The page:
Motoring & Driving News
Young people have a more positive attitude to safety cameras than older drivers, according to the latest survey of driver opinions on safety cameras from the IAM (Institute of Advanced Motorists). The results, published today, show that 17-24 year-olds give the best approval ratings overall while older drivers tend to be the least supportive, with drivers over 45 giving the lowest approval ratings.
Neil Greig, Director of Research and Policy at the IAM, said: “Young people don’t tend to drive as frequently or as far as the average driver, and they have also grown up in a surveillance society, which could explain why they show less objection to safety cameras – older people are more likely to resent being monitored in this way. With this survey we now have 10 years worth of motoring opinion on the most contentious issue on the roads today.
The study also found that women have been consistently more supportive of safety cameras than men, although this support has fluctuated over the years. Support from men has declined from 83 per cent in 2002 to 66 per cent in 2009. “On average, women commit fewer traffic offences than men, so they may see cameras as less of a threat” said Mr Greig.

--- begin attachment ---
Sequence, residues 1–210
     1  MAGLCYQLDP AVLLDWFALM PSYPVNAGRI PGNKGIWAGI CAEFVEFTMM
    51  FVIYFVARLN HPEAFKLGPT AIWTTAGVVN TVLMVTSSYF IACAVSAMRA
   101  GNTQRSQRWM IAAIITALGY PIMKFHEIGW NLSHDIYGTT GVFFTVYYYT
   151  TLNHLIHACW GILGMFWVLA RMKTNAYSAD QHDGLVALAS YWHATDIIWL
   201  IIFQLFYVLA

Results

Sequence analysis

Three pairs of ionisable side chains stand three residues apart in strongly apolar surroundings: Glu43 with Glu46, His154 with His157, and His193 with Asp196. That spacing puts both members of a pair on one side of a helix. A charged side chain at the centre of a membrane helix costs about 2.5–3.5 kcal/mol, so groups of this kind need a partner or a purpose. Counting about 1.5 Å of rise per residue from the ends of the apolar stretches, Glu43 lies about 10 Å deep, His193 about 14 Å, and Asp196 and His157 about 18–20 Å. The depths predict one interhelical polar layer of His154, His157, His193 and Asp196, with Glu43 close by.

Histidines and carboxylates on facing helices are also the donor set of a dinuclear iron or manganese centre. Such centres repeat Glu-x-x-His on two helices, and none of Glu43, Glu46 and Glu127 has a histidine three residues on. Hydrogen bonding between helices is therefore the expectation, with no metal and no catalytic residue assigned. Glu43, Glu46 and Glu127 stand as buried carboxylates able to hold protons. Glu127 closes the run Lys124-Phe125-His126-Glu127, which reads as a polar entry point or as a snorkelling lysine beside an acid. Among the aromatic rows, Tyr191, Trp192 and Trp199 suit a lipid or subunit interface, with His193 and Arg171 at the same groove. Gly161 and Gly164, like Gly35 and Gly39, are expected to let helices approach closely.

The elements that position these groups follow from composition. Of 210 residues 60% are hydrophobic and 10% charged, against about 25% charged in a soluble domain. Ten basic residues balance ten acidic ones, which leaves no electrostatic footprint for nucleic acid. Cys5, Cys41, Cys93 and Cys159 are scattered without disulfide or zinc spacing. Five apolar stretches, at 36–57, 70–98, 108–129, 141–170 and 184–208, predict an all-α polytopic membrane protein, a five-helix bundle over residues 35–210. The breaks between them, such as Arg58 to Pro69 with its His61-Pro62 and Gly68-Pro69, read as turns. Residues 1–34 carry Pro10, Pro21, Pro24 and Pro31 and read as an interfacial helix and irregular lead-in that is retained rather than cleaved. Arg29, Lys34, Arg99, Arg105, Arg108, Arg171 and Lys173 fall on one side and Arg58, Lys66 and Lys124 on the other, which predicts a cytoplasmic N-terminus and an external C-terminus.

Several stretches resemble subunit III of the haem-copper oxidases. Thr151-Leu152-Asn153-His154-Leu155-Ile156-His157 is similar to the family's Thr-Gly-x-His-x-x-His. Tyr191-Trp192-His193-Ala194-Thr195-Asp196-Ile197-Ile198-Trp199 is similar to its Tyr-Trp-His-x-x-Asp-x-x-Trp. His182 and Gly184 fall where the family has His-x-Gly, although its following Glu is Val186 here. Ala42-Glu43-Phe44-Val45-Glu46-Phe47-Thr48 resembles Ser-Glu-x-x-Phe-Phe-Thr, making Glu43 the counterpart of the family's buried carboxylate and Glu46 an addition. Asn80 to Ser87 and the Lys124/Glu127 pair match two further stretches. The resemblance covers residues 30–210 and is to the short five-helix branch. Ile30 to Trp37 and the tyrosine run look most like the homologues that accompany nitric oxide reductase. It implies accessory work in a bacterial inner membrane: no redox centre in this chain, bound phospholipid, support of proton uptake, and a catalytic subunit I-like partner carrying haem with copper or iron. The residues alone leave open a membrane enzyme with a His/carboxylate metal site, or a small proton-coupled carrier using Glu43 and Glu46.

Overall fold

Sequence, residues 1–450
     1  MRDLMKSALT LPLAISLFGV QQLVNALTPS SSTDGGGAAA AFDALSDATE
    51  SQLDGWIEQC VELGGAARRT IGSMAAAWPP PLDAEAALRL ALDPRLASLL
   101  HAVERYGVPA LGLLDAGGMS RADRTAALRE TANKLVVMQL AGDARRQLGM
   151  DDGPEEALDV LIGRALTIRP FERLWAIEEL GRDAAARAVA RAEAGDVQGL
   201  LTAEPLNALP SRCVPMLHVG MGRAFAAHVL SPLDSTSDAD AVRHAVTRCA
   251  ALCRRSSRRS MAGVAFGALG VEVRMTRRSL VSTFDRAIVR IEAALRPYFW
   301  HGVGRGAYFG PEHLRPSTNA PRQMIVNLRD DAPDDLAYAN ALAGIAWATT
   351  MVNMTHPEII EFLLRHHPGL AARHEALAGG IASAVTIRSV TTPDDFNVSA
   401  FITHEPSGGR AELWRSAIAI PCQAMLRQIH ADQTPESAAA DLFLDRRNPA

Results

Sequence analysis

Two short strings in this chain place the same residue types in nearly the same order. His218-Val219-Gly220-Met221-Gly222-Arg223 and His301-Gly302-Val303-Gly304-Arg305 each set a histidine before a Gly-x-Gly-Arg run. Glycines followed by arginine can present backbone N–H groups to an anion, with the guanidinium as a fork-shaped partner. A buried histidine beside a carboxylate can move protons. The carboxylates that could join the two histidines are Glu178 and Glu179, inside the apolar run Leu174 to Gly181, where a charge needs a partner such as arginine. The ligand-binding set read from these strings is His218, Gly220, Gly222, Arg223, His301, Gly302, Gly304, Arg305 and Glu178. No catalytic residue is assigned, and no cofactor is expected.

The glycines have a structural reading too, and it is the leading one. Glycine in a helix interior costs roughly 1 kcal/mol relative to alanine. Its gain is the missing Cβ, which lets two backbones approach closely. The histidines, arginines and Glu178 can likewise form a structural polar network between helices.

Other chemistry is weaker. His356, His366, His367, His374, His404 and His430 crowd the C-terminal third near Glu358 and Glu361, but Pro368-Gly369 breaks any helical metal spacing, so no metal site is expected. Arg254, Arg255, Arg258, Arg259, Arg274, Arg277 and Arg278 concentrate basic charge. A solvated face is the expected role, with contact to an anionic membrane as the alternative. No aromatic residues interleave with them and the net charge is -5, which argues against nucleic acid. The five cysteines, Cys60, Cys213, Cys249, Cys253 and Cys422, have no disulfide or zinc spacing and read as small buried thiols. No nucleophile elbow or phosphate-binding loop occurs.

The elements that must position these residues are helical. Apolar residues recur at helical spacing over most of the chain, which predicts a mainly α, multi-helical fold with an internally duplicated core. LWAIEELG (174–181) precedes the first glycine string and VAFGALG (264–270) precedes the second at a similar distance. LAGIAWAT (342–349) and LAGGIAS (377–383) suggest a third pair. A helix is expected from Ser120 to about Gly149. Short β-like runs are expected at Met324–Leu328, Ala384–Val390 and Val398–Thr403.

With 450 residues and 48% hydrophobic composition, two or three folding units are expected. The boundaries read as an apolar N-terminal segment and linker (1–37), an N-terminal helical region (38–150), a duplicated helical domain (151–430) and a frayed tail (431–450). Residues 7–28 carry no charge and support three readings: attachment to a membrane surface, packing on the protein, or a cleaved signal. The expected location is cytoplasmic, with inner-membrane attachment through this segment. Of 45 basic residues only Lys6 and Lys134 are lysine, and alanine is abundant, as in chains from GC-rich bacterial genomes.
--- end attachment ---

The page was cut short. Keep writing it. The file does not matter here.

Very high mileage drivers (those driving over 20 thousand miles a year) were shown to be the least supportive of safety cameras. Mr Greig said: “20,000 miles is an unusually high distance to cover in a year, so the driver would typically be driving on business. Time is money for these drivers, they are more likely to be in a rush so more likely to get caught by safety cameras or be late because of them. They may blame the cameras for being late, rather than their unrealistic schedules”
The data, collected over 10 years, includes opinions on developments in safety camera policy and operations and acceptability of safety cameras.
Safety cameras had a 75% approval rating in 2009, compared with a 92% approval rating in 1999. “Support has declined gradually but consistently over the last 10 years, but overall speed cameras have maintained a good level of approval among the motoring public” added Mr Greig.
“However the firm belief remains that safety cameras are primarily for raising revenue. Until that link is broken it will remain very difficult to convince all drivers that safety cameras really do deliver fewer deaths and serious injuries”
This article has been reproduced with the permission of the IAM (Institute of Advanced Motorists)